Most men are concerned about hair loss at some point in their lives, and as an Age Management Medicine & Hormone Optimization Physician, I get questions about it all the time. That’s because hair loss is a particularly anxiety-producing problem. When a man starts losing hair, his physical appearance begins to change; it can feel like a shock to his identity and sense of self. And it’s a particularly difficult problem to solve. Not only are there many different causes of hair loss, there are often multiple factors in each case, for each man. With that in mind, I’ve listed the most common causes of hair loss below, as well as their solutions.
Cause: Telogen Effluvium
You’ve probably never heard the term “telogen effluvium” before, but it names the most common cause of hair loss: stress. Work stress, life stress, stress on the body from disease or strain, lack of sleep, and more. These environmental and lifestyle factors actually interrupt hair growth and lead to thinning. The bad news is, this kind of hair loss is bound to affect many adult men, who are immersed in stressors. The good news is, it’s a temporary and fairly reversible process.
Solution: Find Peace
Do some work identifying your main stressors and eliminating or alleviating the frustration that comes from them. Of course, many stressors are ongoing or even lifelong. So meditate. Meditation each day will create peach points in your daily schedule that allow you to let go of the inflammatory and damaging power of stress. Personally, I do Transcendental Meditation (or TM). TM is the best-researched form of meditation in terms of its effects on health. Find a center near you, or check tm.org for details. Since most health challenges are related in some way to stress, getting yourself to a more peaceful life is essential anyway, so get to it!
Cause: Androgenetic Alopecia
Androgenetic alopecia is basically hormone-related baldness. It has to do with the effects of androgens or so-called “male” hormones on the hair follicle. When hormone levels aren’t balanced for optimal hair health and growth, male pattern baldness can occur in the well-known spots, the crown of the head or above the forehead in the form of a receding hairline. A man will often have a genetic predisposition for it, in which case it’s generally predictable, with visible signs of hair thinning in his twenties or even his teens. Because of this genetic component, in spite of androgenetic alopecia’s hormonal basis, it’s rare that I see this in my practice as a result of prescribing hormones.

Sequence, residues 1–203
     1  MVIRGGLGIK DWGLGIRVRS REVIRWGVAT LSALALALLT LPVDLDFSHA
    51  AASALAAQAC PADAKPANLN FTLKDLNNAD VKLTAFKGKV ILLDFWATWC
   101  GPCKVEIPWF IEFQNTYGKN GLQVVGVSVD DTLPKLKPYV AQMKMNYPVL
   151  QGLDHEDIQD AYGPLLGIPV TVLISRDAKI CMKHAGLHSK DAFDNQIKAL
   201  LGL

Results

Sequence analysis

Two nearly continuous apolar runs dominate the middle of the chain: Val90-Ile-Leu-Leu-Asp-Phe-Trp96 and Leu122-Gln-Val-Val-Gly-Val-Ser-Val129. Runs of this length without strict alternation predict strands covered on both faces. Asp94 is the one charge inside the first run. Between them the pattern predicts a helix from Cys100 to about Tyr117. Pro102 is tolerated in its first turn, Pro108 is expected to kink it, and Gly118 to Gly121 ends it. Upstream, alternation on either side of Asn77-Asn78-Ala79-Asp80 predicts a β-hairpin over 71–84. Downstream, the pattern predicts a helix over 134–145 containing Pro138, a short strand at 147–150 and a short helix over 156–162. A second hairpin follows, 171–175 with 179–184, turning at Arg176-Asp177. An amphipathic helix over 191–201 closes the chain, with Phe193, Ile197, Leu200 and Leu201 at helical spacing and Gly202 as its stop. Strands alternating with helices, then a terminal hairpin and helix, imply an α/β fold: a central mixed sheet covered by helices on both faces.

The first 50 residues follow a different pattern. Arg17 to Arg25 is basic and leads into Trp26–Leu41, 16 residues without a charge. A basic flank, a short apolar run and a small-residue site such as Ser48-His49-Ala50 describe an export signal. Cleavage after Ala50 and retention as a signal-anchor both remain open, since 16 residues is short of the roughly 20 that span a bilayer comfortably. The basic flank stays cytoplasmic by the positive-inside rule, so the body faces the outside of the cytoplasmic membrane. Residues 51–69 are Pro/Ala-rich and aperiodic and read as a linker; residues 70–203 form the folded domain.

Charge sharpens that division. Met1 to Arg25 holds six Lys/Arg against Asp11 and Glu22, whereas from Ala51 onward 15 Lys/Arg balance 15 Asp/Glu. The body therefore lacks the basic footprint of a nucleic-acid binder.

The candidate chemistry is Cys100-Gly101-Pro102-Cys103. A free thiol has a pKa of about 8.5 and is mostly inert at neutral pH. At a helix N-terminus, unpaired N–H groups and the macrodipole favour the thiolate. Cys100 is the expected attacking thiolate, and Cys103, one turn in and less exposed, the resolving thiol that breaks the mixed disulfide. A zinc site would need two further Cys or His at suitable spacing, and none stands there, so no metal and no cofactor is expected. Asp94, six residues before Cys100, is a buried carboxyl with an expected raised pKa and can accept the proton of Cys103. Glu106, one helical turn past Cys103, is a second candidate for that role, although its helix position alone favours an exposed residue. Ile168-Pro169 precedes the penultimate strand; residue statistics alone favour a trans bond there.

There are well-known medications to slow down, prevent, and even reverse androgenetic alopecia. You’ve probably heard of them by their brand names: Rogaine (Minoxidil) and Propecia (Finasteride). In my practice, my preferred medication is Dutasteride (also known as Avodart), which is similar to Propecia but is better at blocking formation of dihydrotestosterone (DHT), the hormone that can cause androgenic alopecia. But I generally use Dutasteride in conjunction with Hormone Replacement Therapy, because the drug has been shown to interfere with testosterone production, which can cause a whole array of unpleasant symptoms.
Cause: Hyper- and Hypothyroidism
Both over- (hyper) and under- (hypo) stimulation of the thyroid can cause hair loss. One of the ways to know if thyroid health is a contributing factor is to note if you’re losing body hair as well as the hair on your head. If so, then it’s important to get your thyroid levels checked.
Solution: Correct the Thyroid Disorder
This is a pretty obvious one. If you have a thyroid disorder that’s leading to hair loss, you want to correct the thyroid disorder. That means seeing a qualified Age Management physician, getting your labs done, and getting the appropriate treatment.
Cause: Low Ferritin Levels
Ferritin is an iron-containing protein in your blood, and low levels of ferritin can be a factor “and a commonly overlooked one, at that” in thinning hair and hair loss. To know if ferritin levels are low, it’s important to get ferritin levels checked, not just iron levels. Even if your iron levels are adequate, your ferritin may not be high enough to support healthy hair growth and strength.
Solution: Doctor-monitored supplementation
To contend with low ferritin, you need to supplement with iron. But even though iron is readily available over the counter, you don’t want to do this without medical supervision. Too much iron in your blood can lead to fatigue, constipation, gut pain, and even heart failure.
The important thing to remember is that hair loss is generally caused by a combination of the above factors. And of course, hair simply loses some of its thickness and strength as you age. Very few fifty-year-olds are walking around with the same head of hair they had when they were twenty. So while solutions are available for each possible cause, getting the right approach can be very tricky.
To comb through the details of your hair loss, call The Body Well today at (323) 874-9355 and schedule an hormone evaluation. Or email us at firstname.lastname@example.org.